- Development & Aid
- Economy & Trade
- Human Rights
- Global Governance
- Civil Society
Saturday, October 3, 2015
In this column, Gunter Pauli, author, teacher and entrepreneur writes about the time when his children were born "it was a clear commitment: all clothing would have to carry the 'organic' seal. It was an expression of a lifestyle, a commitment to the Earth." Pauli is the founder of ZERI and designer of The Blue Economy.
- When my children were born it was a clear commitment: all clothing would have to carry the “organic” seal. It was an expression of a lifestyle, a commitment to the Earth.
While in the early nineties I still had to search half the world to find certified organic children’s wear, today even mainstream shops carry organic clothing, especially for children.
I still have to pay a premium price like twenty years ago, but the products are easily available since an increasing number of brands pride themselves on offering natural products.
Whereas we have debated the use of biofuels that increase the cost of food, especially when subsidies divert corn from tortillas to gas stations, we have never debated the issue of fibres diverting land from food.
On a recent visit to China I learned that the government of the world’s largest cotton-producing nation decided to phase out cotton. The reasoning follows a clear logic: the land reserved to produce 32 percent of the world’s cotton should not provide a raw material for clothing. Land and its massive water reserve that made cotton viable and competitive should be reserved for producing food. Protein instead of fibres. The Chinese offer an insight into a logic that should prevail in all our production and consumption decisions: why waste water on clothing, when food is the priority?
All cotton, even organic cotton, requires excessive amounts of water. Eliminating chemicals is a great step forward, but is not enough to push society on a pathway towards sustainability.
There should be no doubt that by 2050 the additional two billion people on Earth will need to be dressed. However, the limited resources and the carrying capacity of our Earth need to be aligned with emerging demand.
While biologists have embraced chemicals, and even genetic manipulation to respond to growing needs, a smarter option emerges that goes beyond fiddling with nature through genetic control mechanisms, to searching for solutions within the regenerative resources that biodiversity offers.
After all, cotton originated from the Americas, but 63 percent is farmed in China and India, stressing the water reserves that even the United States does not have anymore. It is not good enough to have genetically modified cotton that requires less water: all water that is sustainably available should be dedicated to providing food security.
The question is: what else is available beyond hemp and kenaf? Time has come to create a portfolio of solutions. China offers once more an interesting strategy.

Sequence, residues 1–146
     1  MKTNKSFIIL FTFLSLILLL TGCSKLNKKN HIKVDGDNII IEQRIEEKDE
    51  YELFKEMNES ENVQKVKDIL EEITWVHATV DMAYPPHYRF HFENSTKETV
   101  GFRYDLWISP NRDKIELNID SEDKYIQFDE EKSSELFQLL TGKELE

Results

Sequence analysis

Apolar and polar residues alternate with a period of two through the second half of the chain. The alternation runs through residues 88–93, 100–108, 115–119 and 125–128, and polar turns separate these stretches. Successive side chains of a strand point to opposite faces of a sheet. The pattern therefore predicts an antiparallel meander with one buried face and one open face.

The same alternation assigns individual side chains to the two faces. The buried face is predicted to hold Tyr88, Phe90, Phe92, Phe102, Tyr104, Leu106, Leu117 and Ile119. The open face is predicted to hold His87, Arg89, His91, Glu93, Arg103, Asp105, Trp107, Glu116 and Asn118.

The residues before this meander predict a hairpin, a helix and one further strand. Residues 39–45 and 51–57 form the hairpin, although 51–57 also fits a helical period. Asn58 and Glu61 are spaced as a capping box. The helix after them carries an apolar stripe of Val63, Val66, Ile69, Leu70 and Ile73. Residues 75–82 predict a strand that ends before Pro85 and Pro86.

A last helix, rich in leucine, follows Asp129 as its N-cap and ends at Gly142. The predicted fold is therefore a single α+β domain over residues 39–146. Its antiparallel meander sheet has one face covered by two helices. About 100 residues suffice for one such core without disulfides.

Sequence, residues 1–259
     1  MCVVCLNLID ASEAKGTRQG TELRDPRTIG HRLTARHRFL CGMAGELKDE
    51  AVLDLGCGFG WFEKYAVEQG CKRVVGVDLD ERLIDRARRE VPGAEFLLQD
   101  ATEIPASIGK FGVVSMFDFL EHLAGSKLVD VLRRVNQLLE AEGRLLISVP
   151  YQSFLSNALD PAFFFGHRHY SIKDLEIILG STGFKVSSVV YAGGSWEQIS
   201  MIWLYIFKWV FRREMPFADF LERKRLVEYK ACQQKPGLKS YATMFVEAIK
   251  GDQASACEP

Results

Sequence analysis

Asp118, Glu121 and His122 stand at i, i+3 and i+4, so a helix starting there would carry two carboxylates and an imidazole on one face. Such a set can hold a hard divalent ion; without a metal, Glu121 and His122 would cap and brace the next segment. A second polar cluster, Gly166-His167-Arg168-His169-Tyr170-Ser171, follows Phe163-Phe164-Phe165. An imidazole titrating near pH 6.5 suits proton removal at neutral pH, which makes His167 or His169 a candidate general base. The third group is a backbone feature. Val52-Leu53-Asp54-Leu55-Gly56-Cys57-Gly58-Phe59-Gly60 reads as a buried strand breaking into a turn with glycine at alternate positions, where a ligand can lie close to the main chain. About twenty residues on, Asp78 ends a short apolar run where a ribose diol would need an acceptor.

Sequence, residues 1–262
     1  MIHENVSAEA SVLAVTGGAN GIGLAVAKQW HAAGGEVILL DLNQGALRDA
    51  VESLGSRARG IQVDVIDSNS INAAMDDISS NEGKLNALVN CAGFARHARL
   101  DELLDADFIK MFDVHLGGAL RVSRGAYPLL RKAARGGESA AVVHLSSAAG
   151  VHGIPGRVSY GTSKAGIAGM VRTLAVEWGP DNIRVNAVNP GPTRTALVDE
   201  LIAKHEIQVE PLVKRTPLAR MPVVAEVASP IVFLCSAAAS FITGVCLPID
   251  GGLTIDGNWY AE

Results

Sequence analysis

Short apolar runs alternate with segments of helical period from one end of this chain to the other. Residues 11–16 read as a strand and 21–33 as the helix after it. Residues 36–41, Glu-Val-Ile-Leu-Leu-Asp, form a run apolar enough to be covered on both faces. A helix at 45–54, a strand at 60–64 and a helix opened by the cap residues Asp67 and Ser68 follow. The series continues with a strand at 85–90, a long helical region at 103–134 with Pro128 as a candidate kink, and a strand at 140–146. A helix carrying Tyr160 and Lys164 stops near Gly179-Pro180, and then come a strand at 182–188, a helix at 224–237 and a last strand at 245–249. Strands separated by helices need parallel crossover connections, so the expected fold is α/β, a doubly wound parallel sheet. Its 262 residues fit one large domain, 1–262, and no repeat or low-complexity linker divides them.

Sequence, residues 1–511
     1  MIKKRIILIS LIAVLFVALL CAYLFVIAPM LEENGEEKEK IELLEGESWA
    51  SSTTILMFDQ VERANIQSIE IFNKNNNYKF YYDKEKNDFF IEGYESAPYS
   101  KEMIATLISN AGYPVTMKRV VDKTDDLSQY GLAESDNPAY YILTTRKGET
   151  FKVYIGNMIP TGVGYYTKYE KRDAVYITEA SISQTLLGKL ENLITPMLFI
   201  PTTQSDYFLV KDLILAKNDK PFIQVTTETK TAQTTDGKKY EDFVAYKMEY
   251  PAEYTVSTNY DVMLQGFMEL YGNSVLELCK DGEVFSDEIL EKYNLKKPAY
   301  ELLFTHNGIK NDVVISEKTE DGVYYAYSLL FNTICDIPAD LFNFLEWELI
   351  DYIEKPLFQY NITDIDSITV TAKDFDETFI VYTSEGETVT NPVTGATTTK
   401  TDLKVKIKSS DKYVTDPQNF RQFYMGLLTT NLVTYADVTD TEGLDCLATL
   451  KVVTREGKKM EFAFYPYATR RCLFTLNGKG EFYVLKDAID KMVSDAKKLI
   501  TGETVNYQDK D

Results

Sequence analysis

During the 2008 Olympics, the Chinese military was called in to clear two million tons of algae blooms from water bodies around Qingdao that were threatening the open water games.
This emergency situation provided an insight into the potential of algae. After all, these prolific protists feed on excessive nutrients and require no additional input. On the contrary, these grow in rivers and seas without ever needing fresh water as an input.
The processing is about removing water – not consuming water. It did not take long before motivated Chinese entrepreneurs and policy makers to join forces to create the first alginate-based textile fibre factory.
The conversion of 20 million tons, and the potential for farming beyond the harvesting of blooms, suggests that China could substitute all its fibre needs with these blooms. The cost to remove the bloom is converted into the generation of income without the need for additional land. The economics of new fibres could hardly be better.
A quick tour of the world confirms that Europe, Africa, the islands in the Chinese seas and Indonesia could provide a natural source for fibres that could release 25 percent of the world’s irrigation waters.
We should embrace a broader search and identify all the natural fibres that could meet demand without stressing this thin crust that sustains us. Regions characterised by temperate climates and void of rivers and seashores full of prolific algae growth seem to have forgotten another tremendous potential: nettle (Urtica dioica). Considered a weed around the world, this prolific plant thrives in poor conditions and could be part of the portfolio of fibres that will release water resources and dramatically reduce our dependency on chemicals to dress the world.
Nettles do not compete with food crops. Observing its presence, it does not even need to be planted. Since it is a perennial, once growing it only needs harvesting, no planting or nurturing. It is so easy to grow that it is embarrassingly simple compared to the industrialisation of cotton.
A piece of foul land the size of Belgium and the Netherlands is enough to provide a quarter of the world’s demand for fibres. We not only save the water, we save the chemicals and the seeds while generating jobs for producing a long lasting quality fibre that was the preferred raw material for the European royals in the Middle Ages, and remains the core fibre for men’s clothing in Bhutan and Nepal today.
We can continue to live on a beautiful blue Earth, provided we find out what we have. (END/COPYRIGHT IPS)